The Best We Can Do - By Consensus
Denis C Philips objected to Elliot W Eisner’s rejection of objectivity; that all forms of representation are partial. Indeed the title is suggestive that an inquiry can be objective. Philips sees attacks on objectivity in educational research methods as undermining the value of qualitative research. He repudiates doubts about qualitative research in principle unable to be objective research as unreasonable.
Philips runs an ideographic trace on the origins of the intellectual attack on objectivity, dealing directly with the general acceptance that there is no certain foundation for all knowledge (foundationalism) – all knowledge is tentative – by reminding us that does not mean there is no such thing as objective truth. In my words, just because one does not know how one got to a place, does not mean that one is not in that place.
Philips sees objective inquiry as a label suggesting procedural propriety but not a guarantee that results have particular certainty. The truth is “out there” and neither a subjective nor an objective methodological research procedure is guaranteed to capture it. But it might. Thus qualitative research is a valid basis for pursing the truth by objective inquiry or subjective inquiry.
Philips admits that data is measurement-dependent; one measures what one can, not necessarily what is most significant, and one may only measure what one hopes will support a theory – a choice has to be made what to measure, and that choice may be subjective even to the extent that it is determined by a single researchers desires, fears or competence.
Philips alludes to the notion of others that objectivity on an inquiry may be conveyed by a community of inquirers but consensus is not required (it would be unlikely) but rather critical scrutiny. Even competing arguments could be accepted as objective because “objective does not mean true”.
Philips argues that even judgement within a framework or a paradigm may be construed as objective if it is reviewed by peers. This leads on to a surprising idea that novels (fiction) may be judged objective, and this has been supported by some institutions.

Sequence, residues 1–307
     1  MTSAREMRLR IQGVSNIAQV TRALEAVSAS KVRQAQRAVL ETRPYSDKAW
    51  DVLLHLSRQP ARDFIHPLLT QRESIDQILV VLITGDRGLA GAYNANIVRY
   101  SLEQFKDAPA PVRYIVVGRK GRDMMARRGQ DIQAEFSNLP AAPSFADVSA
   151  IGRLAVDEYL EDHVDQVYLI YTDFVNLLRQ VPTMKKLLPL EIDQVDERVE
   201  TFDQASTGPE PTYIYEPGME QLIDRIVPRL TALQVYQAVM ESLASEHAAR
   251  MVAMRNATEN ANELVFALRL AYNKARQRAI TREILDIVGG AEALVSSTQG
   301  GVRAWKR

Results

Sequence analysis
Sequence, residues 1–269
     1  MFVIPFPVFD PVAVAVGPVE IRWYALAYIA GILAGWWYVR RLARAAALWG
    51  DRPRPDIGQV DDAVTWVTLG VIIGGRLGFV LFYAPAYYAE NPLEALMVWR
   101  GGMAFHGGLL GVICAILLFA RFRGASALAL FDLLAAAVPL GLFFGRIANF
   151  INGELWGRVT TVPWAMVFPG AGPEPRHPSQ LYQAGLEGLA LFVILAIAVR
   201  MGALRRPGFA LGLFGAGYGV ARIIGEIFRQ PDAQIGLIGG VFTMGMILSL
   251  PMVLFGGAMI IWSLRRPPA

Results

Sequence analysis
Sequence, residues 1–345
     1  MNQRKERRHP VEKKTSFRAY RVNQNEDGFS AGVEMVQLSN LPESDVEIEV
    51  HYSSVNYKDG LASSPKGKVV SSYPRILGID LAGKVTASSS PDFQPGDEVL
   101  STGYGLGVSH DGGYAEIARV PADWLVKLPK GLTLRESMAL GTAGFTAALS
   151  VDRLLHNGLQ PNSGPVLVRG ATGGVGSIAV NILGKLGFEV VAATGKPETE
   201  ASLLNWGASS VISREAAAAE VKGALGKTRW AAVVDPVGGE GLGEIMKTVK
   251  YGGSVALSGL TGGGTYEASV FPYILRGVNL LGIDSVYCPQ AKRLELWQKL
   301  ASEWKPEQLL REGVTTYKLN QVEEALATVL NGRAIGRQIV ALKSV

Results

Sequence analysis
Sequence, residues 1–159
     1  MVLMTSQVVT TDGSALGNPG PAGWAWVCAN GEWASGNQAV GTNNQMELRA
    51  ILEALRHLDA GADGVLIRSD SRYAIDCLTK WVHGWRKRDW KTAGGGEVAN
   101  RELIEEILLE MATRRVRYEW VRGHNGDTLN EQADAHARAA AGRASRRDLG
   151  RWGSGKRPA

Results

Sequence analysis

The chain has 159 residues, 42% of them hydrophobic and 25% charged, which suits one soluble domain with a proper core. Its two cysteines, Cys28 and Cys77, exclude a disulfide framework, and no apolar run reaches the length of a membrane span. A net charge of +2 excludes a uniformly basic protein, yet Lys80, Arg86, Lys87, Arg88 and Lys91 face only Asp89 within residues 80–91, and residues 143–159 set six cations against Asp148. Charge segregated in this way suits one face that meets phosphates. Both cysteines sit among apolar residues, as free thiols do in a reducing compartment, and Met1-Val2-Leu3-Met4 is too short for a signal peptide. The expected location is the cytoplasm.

Nonfoundationalist epistemology requires judgement of objectivity to be conveyed only when the procedure is such that it offers peers opportunity to repudiate it or refute it. A continuum exists from subjectivity on the left through to objectivity with practical objective inquiry as close to the right as possible. Opposing arguments may be equally judged objective and neither may necessarily be valid.
Philips is rejecting extreme relativism where anything goes, as he calls that subjective. Eisner judges it worthless too.
Eisner objects to naïve realism, and Philips is not signing up to it here. Both Eisner and Philips are pragmatically recognising the limits of objective inquiry. Where they differ seems to be significant, but about how valid justification of qualitative research really is. In my words, Eisner claims it is polluted by interference and Philips says (my words), “So what if it is, it is the best we can aspire to; so long as we are careful and cautious, there will be no harm done.” Both philosophers agree that caveats have to be applied to so-called objective inquiry. Eisner says objectivity is impossible; by redefining what is meant by the label objective inquiry, Philips says it is possible but results are not guaranteed.
My Reaction To This Paper
Eisner’s and Philips’ arguments in their context are both valid. The difference between quantitative research and qualitative research in terms of objective inquiry has shifted through necessity over the decades. Eisner is right that people are too complex and bring baggage to research so that it is not ontologically objective and they change what they are researching so that research is not repeatable in the strictest sense. Philips argues that Eisner is undervaluing peer review and procedural rigour having worthwhile results that can be tested for repudiation or rejection. Objective does not mean true and is not dependent on an individual researcher. Consensus of peers can make a position objectively defensible. That too is valid.
Is life objective or subjective? You are born, right? You die, right? In between you do the best you can. That is the meaning of life.
If you agree, it is an objective argument; if you don’t agree, it is subjective. One still will not know whether it is true.